“For the rug design at Dovecot, I created a photomontage of two of Rebecca Levy’s carpets and added all seeing 1970s Glam Rock eyes so that as one looks at the rug, the rug looks back at you. The dancers from Northern Ballet call her The Diva and are very respectful to her. They say that she definitely takes the lead. When I first met the tufters at Dovecot Studios, I talked about liberating carpets and rugs from the floor, and how I wanted to be able to choreograph textiles through space.”
While the rug itself was made at Dovecot in collaboration with Jonathan Cleaver, Dennis Reinmüller and Kristi Vana, Children of the Mantic Stain is choreographed by Kenneth Tindall, with fashion designer Christopher Shannon providing the costumes and composer Maxwell Sterling the score. In this respect, rather than dive into the dressing up box, Linder describes herself as the “walking talking Pritt stick, glueing everyone together,” while the dancers “ventriloquise on my behalf.”
Both Linder and Maclean's work is driven by a political root as much as a performative one,
“My motivation for making art comes from being angry at something,” says Maclean. “I'm really interested in looking at fairytales to explore class and gender politics, but displacing them in a way that's historical but which brings it into something contemporary.”
For Linder too, a political engine is “always ticking over. I don’t deliberately set out to make political work but it always turns out that way, sometimes more so than for other artists who use scale and sloganeering to make their point. Generationally we cut our teeth on handouts and fanzines, paperback books, 7” singles and 12” albums, so debate then emerged from a very tactile and intimate experience of listening and reading. A touch screen can never deliver in the same way.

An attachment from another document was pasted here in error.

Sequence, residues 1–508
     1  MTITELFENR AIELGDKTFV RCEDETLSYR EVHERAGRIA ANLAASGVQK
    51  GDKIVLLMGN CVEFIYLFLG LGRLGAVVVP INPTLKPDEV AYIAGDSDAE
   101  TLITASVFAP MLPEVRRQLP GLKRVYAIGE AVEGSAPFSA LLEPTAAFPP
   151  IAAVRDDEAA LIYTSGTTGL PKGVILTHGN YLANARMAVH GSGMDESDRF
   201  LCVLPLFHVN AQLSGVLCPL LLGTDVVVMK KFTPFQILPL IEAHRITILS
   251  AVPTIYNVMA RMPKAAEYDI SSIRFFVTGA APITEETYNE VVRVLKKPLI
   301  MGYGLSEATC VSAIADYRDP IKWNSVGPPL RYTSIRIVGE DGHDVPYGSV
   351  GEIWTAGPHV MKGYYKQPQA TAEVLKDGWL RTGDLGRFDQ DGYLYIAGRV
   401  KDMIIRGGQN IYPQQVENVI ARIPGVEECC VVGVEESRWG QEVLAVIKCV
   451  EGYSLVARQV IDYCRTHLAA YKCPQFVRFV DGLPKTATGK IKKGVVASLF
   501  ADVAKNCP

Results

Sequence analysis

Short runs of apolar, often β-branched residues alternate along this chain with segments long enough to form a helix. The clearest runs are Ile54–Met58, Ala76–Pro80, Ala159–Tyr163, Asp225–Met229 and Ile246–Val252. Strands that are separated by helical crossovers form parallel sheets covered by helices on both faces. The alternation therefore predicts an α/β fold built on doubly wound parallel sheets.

“I often work with that which has been discarded, a 1964 copy of Playboy for instance or a Good Housekeeping cookery book from 1948. The prevailing sexual and economic politics are embedded in every halftone dot on each page, just as they are in every pixel on the screens that we stroke each day. It doesn’t take much to mess it all up. As Carol Hanisch said in her “personal is political” essay in 1969, women aren’t messed up, they’re messed over. We’re still all messed up regardless of gender, so I rev up the engine and hijack the images around us, taking them somewhere that they’re not meant to go. I make things right by making them wrong.”
This chimes too with Maclean, who grew up on “girls magazines, MTV, Disney films and computer games, and that feeds into my work, but it becomes warped somehow.”
Linder's increasing use of dance in her work too stems from her childhood.